I am reblogging one of my first, favorite posts about my eccentric family. Enjoy!
When you are dealing with family, it clarifies things to have a scale. You don’t have to waste time analyzing people when you have a ready reference. This one works pretty well for us.
1.Has a monogrammed straight jacket and standing reservation on mental ward.
2.Family is likely to move away without leaving forwarding address. Has jail time in the past or the future
3.People say, “Oh, crap. Here comes Johnny.”
4.Can go either way. Gets by on a good day. Never has been arrested. Can be lots of fun or a real mess. Relatives usually will invite in for coffee. Likely to have hormone-induced behavior.
5.Regular guy. Holds down a job. Mostly takes care of business. Probably not a serial marrier. Attends church when he has to.
6.Good fellow. Almost everybody likes him or her. Volunteers for Habitat for Humanity. Manages money well enough to retire early.
7.High achiever. Business is in order. Serves on city council.
8.Looks too good to be true. What’s really going on?
9.Over-achiever. Affairs are in order. Solid citizen. Dull, dull, dull. Could end up as a 1
Instead of saying, “Uncle Henry’s a pretty good guy, but sometimes he goes off the deep end, you could say, ‘He’s a usually about a 6 but he was a little 4-ish after Aunt Lou took his new truck and ran off with his brother’.” Or…
“Why in the world did Betty marry him? He was a jerk to her when she was married to his daddy.”
“Well, you know she’s a 5.”
“Oh, yeah. I forgot about that.” Or…
“You set the house on fire trying to dry your underwear in the oven?? What in the hell were you thinking?? And you call yourself a 6?”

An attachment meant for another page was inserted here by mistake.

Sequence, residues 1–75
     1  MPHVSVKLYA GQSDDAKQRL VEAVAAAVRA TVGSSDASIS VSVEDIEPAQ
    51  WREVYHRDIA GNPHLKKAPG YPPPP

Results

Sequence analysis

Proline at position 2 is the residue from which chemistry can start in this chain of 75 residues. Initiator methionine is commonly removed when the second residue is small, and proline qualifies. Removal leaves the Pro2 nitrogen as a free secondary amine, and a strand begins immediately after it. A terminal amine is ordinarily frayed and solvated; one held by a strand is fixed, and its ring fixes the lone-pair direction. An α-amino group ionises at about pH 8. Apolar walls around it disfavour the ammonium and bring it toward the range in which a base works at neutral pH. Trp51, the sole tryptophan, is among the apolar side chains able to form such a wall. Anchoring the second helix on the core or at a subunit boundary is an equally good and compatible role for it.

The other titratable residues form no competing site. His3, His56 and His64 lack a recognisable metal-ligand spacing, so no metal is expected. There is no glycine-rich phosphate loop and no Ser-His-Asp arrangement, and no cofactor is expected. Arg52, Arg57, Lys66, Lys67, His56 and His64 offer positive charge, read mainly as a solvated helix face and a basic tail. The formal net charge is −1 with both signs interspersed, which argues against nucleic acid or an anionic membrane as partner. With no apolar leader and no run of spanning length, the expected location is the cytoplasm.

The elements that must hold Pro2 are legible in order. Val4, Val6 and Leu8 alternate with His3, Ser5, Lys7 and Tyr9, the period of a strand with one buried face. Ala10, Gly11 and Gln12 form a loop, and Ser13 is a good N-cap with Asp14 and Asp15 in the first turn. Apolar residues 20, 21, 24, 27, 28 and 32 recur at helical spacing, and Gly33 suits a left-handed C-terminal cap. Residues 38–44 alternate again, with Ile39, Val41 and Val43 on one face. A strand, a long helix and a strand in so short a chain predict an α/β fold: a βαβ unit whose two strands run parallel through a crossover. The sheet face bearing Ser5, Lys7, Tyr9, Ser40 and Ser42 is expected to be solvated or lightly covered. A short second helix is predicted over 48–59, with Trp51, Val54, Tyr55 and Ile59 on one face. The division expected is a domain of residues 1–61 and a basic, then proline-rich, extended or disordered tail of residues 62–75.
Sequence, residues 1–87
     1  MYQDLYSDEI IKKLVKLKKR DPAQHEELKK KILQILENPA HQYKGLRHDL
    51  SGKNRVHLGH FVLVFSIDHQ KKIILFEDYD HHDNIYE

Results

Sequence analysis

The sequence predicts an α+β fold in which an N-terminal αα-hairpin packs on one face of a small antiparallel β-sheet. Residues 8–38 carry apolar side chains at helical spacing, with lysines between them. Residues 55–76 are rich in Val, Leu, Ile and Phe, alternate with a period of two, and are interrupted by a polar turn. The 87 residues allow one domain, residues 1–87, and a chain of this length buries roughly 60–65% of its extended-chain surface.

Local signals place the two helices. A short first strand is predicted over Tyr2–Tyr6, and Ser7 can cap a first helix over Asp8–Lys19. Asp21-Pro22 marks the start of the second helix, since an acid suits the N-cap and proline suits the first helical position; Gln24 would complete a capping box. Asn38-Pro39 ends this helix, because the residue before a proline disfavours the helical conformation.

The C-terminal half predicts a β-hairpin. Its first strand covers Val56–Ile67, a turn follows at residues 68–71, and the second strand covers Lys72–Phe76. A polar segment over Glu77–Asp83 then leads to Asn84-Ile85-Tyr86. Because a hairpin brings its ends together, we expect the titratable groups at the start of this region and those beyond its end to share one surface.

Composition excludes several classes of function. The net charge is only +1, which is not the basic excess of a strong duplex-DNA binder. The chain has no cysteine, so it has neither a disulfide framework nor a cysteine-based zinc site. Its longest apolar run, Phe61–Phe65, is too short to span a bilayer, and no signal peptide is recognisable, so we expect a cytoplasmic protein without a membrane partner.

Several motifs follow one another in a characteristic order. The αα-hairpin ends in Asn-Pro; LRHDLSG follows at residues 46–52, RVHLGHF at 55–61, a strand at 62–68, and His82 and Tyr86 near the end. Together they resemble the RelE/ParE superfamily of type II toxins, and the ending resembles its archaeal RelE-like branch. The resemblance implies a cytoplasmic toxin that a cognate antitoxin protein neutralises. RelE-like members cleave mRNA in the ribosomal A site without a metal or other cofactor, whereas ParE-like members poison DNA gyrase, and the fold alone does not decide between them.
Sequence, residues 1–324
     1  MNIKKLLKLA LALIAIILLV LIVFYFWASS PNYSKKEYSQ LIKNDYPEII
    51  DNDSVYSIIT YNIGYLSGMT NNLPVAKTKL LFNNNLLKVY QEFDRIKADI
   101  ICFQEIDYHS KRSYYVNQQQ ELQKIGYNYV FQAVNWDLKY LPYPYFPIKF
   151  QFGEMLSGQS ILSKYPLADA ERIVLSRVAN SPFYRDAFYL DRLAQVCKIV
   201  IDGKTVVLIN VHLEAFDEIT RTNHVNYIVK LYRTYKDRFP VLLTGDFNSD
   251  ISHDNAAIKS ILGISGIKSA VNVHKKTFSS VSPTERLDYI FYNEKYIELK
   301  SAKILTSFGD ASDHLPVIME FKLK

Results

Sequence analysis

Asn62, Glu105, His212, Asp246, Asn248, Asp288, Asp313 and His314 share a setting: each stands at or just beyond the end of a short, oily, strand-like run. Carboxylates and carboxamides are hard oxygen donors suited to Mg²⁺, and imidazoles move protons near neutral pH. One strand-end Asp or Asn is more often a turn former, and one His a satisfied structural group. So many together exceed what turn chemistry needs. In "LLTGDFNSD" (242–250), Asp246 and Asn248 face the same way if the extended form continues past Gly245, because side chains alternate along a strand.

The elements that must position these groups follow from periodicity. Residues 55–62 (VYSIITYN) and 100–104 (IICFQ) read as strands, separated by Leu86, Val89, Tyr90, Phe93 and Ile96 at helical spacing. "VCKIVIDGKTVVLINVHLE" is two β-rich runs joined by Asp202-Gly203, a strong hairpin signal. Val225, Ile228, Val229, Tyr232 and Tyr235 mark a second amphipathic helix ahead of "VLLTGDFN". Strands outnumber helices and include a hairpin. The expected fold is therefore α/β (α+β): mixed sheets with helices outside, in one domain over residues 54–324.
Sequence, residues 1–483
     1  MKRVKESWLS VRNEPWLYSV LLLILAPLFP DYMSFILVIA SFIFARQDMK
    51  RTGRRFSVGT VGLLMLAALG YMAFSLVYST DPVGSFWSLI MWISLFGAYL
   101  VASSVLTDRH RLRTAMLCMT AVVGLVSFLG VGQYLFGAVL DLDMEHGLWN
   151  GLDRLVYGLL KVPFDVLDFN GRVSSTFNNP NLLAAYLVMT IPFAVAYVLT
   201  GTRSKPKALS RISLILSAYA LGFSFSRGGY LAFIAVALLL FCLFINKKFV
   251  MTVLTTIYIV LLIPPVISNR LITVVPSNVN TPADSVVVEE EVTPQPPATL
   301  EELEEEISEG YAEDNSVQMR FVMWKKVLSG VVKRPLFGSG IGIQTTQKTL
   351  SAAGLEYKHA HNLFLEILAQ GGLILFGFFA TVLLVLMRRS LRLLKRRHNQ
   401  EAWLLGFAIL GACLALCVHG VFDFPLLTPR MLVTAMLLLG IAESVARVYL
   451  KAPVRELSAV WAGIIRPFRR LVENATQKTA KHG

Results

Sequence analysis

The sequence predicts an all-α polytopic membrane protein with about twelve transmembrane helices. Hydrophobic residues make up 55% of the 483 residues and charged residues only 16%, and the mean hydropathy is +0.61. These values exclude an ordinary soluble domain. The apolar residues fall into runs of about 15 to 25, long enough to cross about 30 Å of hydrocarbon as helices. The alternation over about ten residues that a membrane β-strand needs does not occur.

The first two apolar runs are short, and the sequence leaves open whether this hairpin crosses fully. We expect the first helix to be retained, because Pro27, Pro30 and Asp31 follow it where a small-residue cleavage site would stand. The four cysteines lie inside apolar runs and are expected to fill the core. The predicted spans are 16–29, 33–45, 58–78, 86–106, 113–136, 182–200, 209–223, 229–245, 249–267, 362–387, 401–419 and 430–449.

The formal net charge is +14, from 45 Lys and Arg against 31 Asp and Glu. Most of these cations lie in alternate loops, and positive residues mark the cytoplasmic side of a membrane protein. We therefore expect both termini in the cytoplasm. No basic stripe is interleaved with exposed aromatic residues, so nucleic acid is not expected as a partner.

“Look, you know darn well I’m a 6. It just seemed like a good idea. Appliances should be multifunctional. I’ve seen you pull a 2 lot of times and never threw it up to you. It could happen to anyone.” Or…
“You forgot and put the turnip greens through the spin cycle and now the washing machine drain is stopped up! I’m not even going to ask you what turnip greens were doing in the washing machine! You’re a 2 if I ever saw one. Your mama and sisters are 2′s, too!! Did you put the beans in the dishwasher, too, while you were at it?”
“No, I’m not an idiot. You cook beans on the stove. I put my rolls in the dishwasher to rise.”
Our family reunions are an eclectic mix of mostly 5′s who vacation in 4 and 6 on occasion, some fairly regular folks, seasoned with a picante’ dash of street-corner preachers, nude airport racers, and folks who are just interesting in general. We have a couple of 7′s thrown in, reminders of what we could do if we tried. A person’s position on the social ladder is likely to be greatly influenced by his company or partner. For instance, if a submissive #5 marries a dominant #7, it is likely he or she will benefit. If the lower number is more influential, not so much.
I was comfortable growing up in this eccentric milieu of the 1950’s. While I gave lip service to my parents’ goal of strict respectability, I enjoyed a ringside seat to periodic lunacy. It also justified my lapses. It ran it the family! And no matter how disappointed my parents might be when I messed up, at least I hadn’t been caught naked in traffic yet.
When considering their upcoming parenthood, most people entertain hormone-tinged delusions, imagining their children as cute, well-behaved, athletic, and smart. We gaze fondly at our partners imagining a baby with his blue eyes, her sweet smile…we should have looked a little closer at Grandpa’s buck teeth or Grandma’s frizzy hair. Even better, this baby is just as likely to inherit genes from a great-great grandpa, the horse thief, as from Grandpa John, the Pulitzer Prize Winner. The baby might look a lot more like Aunt Fanny, the lady wrestler, than its pretty mama. A better plan would probably be to put all babies in a lottery at birth, so parents could credit their lumps to bad luck and the joys to good parenting for the next twenty-one years. The kids would definitely appreciate it.
(to be continued)